This is enough energy to increase the 155 kilograms of water’s temperature by 1°C (1.8° F). Taking a closer look at the label it shows that this amount of oatmeal contains three grams of fat, 27 grams of carbohydrates and five grams of protein. This produces a total of 155 kilocalories. Remember the equations to use to determine the amount of kilocalories: fat equals nine kilocalories, carbohydrates equal four kilocalories and protein equals four kilocalories. Here are the equations used to determine our oatmeal’s calories.

  • Fat (9 kilocalories x 3 grams) 27 kilocalories
  • Protein (4 kilocalories x 5 grams) 20 kilocalories
  • Carbohydrates (4 kilocalories x 27 grams) 108 kilocalories
  • Grand Total of 155 kilocalories

Our bodies will burn these calories through our metabolic processes. During this metabolic process, enzymes breakdown the proteins and fatty acids into amino acids. The carbohydrates are broken down into glucose or other sugars and fats into glycerol.

These molecules will then be transported through our bloodstream to our cells.

Fat, Exercise & Calories

If you consume more calories than you do burn, you will gain weight. If you consume fewer calories than you burn, you will lose weight. Once you accumulate 3,500 unnecessary calories, your body stores these as one pound of fat.

Your body stores fat to use as energy at another time when it is needed. On the other hand, if you use 3,500 more calories than what you consume, whether by eating less or exercising more, your body will convert one pound of your previously stored fat to use for energy.

Exercising raises the rate of your metabolism. This increase occurs while you are exercising and for approximately two hours afterward.

Does it Matter Where Our Calories Come From?

If we are only talking about weight & you are actively burning off most of what you eath, thenit is irrelevant. A calorie from protein is the same as a calorie from fat. These calories are just units of energy. If you burn exactly the amount of calories you consume, you will remain at the same weight. If you burn more, you will lose weight if less, you will gain.

However, if we are talking about nutrition, it does matter where those calories come from. Calories from proteins & complex carbohydrates are healthier than those from simple carbohydrates & fat calories. It is necessary for our bodies to have a particular amount of fat to ensure it functions properly. Some fat is necessary to allow our bodies to absorb vitamins.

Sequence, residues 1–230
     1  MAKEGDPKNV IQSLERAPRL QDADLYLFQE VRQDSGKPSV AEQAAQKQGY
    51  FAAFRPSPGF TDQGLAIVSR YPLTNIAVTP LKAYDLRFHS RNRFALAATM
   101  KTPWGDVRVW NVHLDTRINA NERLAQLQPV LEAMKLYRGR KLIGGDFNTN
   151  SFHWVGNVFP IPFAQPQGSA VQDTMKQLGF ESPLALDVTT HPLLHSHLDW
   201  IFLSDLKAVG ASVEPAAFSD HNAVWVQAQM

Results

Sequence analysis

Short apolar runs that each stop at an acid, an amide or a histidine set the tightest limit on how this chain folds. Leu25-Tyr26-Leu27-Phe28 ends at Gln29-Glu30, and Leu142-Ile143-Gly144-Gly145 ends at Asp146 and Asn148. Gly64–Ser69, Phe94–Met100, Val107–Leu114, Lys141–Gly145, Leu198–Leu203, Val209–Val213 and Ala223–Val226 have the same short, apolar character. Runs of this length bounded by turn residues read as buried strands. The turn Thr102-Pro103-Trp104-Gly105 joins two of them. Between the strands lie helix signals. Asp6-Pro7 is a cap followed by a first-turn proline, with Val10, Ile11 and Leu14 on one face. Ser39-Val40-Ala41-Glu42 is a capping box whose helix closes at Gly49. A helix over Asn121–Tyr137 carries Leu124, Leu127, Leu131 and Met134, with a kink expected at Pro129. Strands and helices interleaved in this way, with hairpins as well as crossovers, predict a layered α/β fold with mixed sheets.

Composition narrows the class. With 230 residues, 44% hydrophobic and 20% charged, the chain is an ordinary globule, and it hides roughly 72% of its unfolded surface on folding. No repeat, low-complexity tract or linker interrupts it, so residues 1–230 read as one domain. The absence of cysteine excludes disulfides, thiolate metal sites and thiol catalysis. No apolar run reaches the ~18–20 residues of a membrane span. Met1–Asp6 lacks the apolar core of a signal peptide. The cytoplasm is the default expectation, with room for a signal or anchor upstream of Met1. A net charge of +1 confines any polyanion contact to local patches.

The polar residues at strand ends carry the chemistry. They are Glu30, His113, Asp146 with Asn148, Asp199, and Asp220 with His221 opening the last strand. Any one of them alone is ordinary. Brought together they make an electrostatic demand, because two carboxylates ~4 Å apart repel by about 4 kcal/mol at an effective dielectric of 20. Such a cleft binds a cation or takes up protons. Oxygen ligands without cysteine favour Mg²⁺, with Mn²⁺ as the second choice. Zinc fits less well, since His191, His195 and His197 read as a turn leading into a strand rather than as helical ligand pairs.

How Stuff Works has a number of articles about how calories work.

The U.S. Food & Drug Administration (FDA) recommends that no more than 30% of the calories we consume daily be from fat. Therefore, if you consume 2,000 calories daily, the maximum amount of fat allowable is 67 grams, which equals 600 calories. Many nutritionists and physicians have decreased the number recommended by the FDA to 25%. That is 56 grams, which is equal to 504 calories of fat daily for the 2,000-calorie diet.

Below we will look at some of the fat and calorie content of some common household foods.

  • One cup of chocolate syrup has 837 calories and 3 grams of fat.
  • One cup of canola oil has 1,674 calories and 218 grams of fat.
  • One cup of cheddar cheese has 531 calories and 44 grams of fat.
  • One cup of peanut butter has 1,520 calories and 129 grams of fat.
  • One cup of granola has 270 calories and 8 grams of fat.
  • One cup of sugar has 774 calories and 0 grams of fat.
  • One 12 FL OZ (355 mL) can of Coca-Cola has 140 calories and 0 grams of fat.

However, some diets are so aggressive at cutting out fat that they end up loading diets full of sugar, which can lead to insulin resistance, metabolic syndrome, weight gain, increased risk of a heart attack & a whole slew of other health issues.

While some candies may proclaim to be "a fat free food" on the packaging, if they consist mostly of sugar & high fructose corn syrup they are likely far worse for you than most high-fat foods. Some energy drinks are similarly loaded with sugar (or high fructose corn syrup). A good movie about this problem is Fat Head. Tom Naughton has interviewed doctors who recommend having more fat & less carbohyrates in your diet than what the FDA suggests:

We know for a fact that wheat consumption has been unhealthy for humans for as long as we’ve consumed it from observations such as those pointed out by Dr. Diamond: humans being shorter, fatter, and sicker (bone disease, dental decay, cancer, perhaps atherosclerosis) with wheat consumption, as well as descriptions of the ravages of celiac disease as long ago as 100 AD.

It’s the changes introduced by geneticists over the past 40-50 years, coupled with dietary advice to consume more wheat, that have conspired to create this current mess we are in, turning wheat from a problem ingredient into a health scourge exerting adverse health effects on an international scale. - Dr. William Davis

The below YouTube video from Robert H. Lustig, MD, UCSF Professor of Pediatrics in the Division of Endocrinology, is one of the best pieces of dietary advice you will ever come across.